It was a Friday afternoon in April when I stopped by the doctor’s office for my weekly antenatal visit, only to find out that I would be delivering my baby on Monday morning. <Insert mental breakdown here>
She wasn’t due for another week, but she was awkwardly positioned. While there was a 50/50 chance that she would turn during labour, it also posed a risk for a problematic delivery hence the decision for a planned C-section.
Okay just breathe, we just need to repack a few things and prep ourselves for a C-section.
We also need to contact the medical aid... as I made a mental note of all the things I needed to do, trying to calm myself in the process – all the while managing the disappointment of not having a natural birth.
What I wasn’t expecting (or maybe I was, who am I kidding, I wasn’t) was the doctor’s parting words: “Oh, and your husband will only be able to be present for the birth, but he will have to leave after 2 hours and won’t be able to visit until you are discharged.”
At that point, I knew I was not going to be okay. I cried the entire weekend. I continued to cry (at least twice a day) every day for 6 months after that, and every other day for the 3 months that followed. My little one is one-year old now, and there are still days when I cry. Even now, I carry my postpartum depression with me.
The Silent Complication
Postpartum depression, post-natal depression, perinatal depression, whatever you prefer to call it, affects an estimated 1 in 7 women. According to the Post-Natal Depression Support Association of South Africa (PNDSA), up to 30% of new mothers in South Africa (an estimated minimum of 50 000 mothers per year) are clinically ill with depression or anxiety disorders.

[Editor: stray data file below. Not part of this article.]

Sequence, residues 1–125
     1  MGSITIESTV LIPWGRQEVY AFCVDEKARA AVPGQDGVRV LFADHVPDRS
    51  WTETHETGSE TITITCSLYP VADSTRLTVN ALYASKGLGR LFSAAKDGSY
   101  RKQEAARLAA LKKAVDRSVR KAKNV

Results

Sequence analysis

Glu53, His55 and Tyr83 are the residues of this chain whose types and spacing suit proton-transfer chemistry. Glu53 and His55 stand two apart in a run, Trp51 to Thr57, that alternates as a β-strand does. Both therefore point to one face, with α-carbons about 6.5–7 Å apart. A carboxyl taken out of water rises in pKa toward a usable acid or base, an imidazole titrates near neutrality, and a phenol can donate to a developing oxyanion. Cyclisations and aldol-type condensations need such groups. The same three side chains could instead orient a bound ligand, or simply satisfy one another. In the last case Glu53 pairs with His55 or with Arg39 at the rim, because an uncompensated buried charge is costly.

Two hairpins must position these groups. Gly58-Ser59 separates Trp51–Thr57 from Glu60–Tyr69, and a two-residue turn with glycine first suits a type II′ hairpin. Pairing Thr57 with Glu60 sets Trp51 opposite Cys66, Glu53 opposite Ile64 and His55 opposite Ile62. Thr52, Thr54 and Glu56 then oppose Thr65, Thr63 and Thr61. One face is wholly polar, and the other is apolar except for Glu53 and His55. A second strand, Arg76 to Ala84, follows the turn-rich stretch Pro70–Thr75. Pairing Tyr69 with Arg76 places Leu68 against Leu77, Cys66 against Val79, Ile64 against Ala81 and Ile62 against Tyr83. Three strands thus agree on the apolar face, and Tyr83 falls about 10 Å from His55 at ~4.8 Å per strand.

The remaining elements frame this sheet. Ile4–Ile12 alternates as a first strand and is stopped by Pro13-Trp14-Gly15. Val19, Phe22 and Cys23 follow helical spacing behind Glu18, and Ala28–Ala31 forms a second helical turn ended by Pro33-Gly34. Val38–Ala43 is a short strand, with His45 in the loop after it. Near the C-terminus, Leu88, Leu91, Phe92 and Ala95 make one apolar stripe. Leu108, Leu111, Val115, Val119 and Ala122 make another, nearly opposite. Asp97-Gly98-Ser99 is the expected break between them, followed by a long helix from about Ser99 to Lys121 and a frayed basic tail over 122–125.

Okay, so if that is the case, why aren’t we talking about this more? I was fortunate enough to be able to attend antenatal classes with my husband before the arrival of our baby and even in those classes, the subject was only touched on briefly. We received a handout, ran through it in the last few minutes of class, and that was it.
When people speak so little about something, you naturally assume it doesn’t happen very often or that it won’t happen to you, but the reality is that it happens. Very often. And it happened (and is still happening) to me.
According to the South African Depression and Anxiety Group (SADAG), a recent study carried out by a PPD Support Group showed that depression can begin before a baby is born. Fifty percent of women in the study were depressed during pregnancy and in none of the cases was it picked up.
“Despite the considerable number of cases, the condition generally remains undiagnosed and untreated, leaving mothers to drag themselves through each day without any end in sight! The condition is generally glossed over in childbirth preparation classes and pregnancy guidebooks, and is not routinely screened for in post-partum check-ups. During the check-ups, the focus is very much on the mother’s physical health rather than her emotional wellbeing.”
This was my reality. As my pregnancy progressed and the time drew nearer for me to have my baby, I started to experience intense anxiety and sadness for what I can only imagine was the fear of the unknown that lay ahead of me. I would have regular crying episodes (that no one was aware of) and, in all honesty, chalked it up to “hormones”. I was pregnant, after all.
So how does someone with a degree in psychology, who works in the media and is passionate about mental health not see the signs? Because, in my opinion, as a community we haven’t been taught to recognise the signs. Talking about mental health especially as it relates to motherhood carries a heavy stigma.
Thinking back to my teenage years, I was privy to one or two conversations about people who have had postpartum depression or the “baby blues” (which is a different thing by the way), and the conclusion is always the same: “crazy”, “weak” or “being dramatic”. I mean, what is wrong with you? You should be happy, right?
When this is the narrative that you have about something that is one of the most common complications of pregnancy, how will you be able to identify when you need help?
A Loss of Identity
At 14:01 on 6 April 2020, my beautiful baby arrived earthside and the first thing I thought as she announced her arrival with a little cry was (and I kid you not) “Oh shit, this just got real.” And boy, oh boy, did it ever!